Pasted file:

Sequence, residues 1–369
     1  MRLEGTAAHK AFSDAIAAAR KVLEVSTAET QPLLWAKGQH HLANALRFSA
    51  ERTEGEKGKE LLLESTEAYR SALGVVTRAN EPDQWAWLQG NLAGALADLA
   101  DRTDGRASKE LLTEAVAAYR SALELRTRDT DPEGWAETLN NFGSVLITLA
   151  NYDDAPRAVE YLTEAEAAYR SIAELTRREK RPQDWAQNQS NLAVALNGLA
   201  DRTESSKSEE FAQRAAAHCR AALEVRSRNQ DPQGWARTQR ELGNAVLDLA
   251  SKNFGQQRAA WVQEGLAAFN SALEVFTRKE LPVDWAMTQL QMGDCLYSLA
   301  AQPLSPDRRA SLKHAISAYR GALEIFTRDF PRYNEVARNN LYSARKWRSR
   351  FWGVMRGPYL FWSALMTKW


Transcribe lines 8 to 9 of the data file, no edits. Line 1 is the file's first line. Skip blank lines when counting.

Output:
   301  AQPLSPDRRA SLKHAISAYR GALEIFTRDF PRYNEVARNN LYSARKWRSR
   351  FWGVMRGPYL FWSALMTKW